NLC cautiously welcomes Committee’s report into Pastoral Land Bill

Date: Mar 16, 2018

Publication Type: Press Releases

Subject: Native Title

The Northern Land Council has cautiously welcomed the report of the NT Parliament’s Economic Policy Scrutiny Committee which examined the government’s Pastoral Land Legislation Amendment Bill.

The committee has recommended that the government consider options for better protecting the rights of native title holders, such as through a right to negotiate, when consideration is being given to granting permits for non-pastoral uses to leaseholders under the Pastoral Land Act.

The previous CLP government in 2013 passed legislation which allowed pastoralists to obtain long-lasting permits to allow for economic activity on pastoral leases, beyond grazing of cattle.  The Bill proposed by the present Labor government would go further, allowing leaseholders to obtain registerable sub-leases for non-pastoral activities.

The Northern and Central Land Councils have strenuously opposed the Bill, arguing that it would significantly erode the rights of native title holders and deny them a right to negotiate.

NLC CEO Joe Morrison said that if the government adopted the committee’s recommendation, native title holders would have a rightful place at the negotiating table when decisions were made about economic activity that affected their interests.

“If the Bill in its present form became law, native title holders would have only the right to be notified about non-pastoral activities,” Mr Morrison said.  “Native title holders would have no right to negotiate.”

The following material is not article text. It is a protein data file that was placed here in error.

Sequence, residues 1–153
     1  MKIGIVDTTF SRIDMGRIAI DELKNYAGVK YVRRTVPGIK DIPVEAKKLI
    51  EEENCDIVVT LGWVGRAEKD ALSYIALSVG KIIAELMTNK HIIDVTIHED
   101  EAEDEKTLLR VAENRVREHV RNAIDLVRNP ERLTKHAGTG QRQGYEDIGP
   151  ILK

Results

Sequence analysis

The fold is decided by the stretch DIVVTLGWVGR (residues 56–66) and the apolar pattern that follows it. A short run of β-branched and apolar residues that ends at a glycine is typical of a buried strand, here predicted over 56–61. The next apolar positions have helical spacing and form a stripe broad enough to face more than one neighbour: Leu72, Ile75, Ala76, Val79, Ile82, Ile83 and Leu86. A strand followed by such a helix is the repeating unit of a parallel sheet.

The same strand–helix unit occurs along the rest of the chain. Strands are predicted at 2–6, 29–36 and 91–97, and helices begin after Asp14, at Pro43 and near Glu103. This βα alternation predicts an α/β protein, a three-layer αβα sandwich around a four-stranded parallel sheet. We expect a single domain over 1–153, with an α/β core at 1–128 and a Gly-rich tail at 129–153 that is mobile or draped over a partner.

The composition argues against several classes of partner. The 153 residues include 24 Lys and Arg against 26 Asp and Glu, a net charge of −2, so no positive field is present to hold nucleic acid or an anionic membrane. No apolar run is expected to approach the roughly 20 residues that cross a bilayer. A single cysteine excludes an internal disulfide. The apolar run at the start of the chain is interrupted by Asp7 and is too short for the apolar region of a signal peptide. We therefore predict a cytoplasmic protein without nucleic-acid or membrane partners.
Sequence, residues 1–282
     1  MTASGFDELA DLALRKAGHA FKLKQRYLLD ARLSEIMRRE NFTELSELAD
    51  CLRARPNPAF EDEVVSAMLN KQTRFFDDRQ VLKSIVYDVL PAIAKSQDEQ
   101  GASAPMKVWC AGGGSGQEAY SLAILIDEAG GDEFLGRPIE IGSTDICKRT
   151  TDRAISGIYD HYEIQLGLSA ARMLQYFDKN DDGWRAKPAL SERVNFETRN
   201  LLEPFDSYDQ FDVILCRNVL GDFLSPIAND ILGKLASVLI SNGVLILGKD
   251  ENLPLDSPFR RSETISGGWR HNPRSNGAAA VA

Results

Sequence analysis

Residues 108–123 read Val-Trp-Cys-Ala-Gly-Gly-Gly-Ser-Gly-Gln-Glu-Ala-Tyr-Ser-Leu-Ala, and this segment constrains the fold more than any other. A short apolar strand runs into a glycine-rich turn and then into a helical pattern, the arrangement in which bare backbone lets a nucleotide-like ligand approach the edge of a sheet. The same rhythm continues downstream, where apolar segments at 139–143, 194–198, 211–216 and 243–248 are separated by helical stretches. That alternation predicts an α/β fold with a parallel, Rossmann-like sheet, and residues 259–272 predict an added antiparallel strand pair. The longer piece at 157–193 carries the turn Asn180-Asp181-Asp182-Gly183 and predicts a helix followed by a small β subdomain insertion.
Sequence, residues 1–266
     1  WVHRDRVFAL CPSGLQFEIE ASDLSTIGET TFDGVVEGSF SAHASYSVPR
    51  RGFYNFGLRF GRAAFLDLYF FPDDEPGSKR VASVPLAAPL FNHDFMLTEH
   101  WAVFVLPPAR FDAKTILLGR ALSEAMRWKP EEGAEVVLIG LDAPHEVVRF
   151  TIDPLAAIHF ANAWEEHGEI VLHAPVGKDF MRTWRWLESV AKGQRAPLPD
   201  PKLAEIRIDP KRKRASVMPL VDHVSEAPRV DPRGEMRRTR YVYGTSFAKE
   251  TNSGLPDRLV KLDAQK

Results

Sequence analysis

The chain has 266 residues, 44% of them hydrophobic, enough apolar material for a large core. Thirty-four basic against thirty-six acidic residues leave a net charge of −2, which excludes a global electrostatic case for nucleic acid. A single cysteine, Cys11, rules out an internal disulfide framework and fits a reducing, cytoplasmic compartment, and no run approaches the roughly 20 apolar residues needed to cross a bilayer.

“The Bill would effectively extinguish the rights of native title holders across a significant portion of the pastoral estate, and unfairly benefit the pastoral industry”.

“What everyone’s got to recognise here is that pastoralists don’t own the land on which they operate.  Aboriginal people have lived here for more than 60,000 years.  Pastoral land is leased by the Crown, and native title holders have rights which are, regrettably, already curtailed by law. “I can only hope that the government accepts the committee’s recommendation.  Otherwise, they’re in for one hell of a fight.

“The government introduced this Bill without consulting the Land Councils, and yet it’s proposing to negotiate a treaty with the Aboriginal peoples of the Northern Territory.  This has been a bad start to what will be a long journey towards a treaty, and the final form of this legislation will have a serious effect on how Aboriginal people view the bona fides of this Labor government,” Mr Morrison said.

The NLC has also welcomed two other recommendations of the committee:  that the Government consider options to enhance the protection of sacred sites on pastoral lands, and that it takes into account native title interests and Aboriginal cultural heritage and traditions when appointing members to the Pastoral Land Board.

NLC contact: Martha Tattersall 0427 031 382


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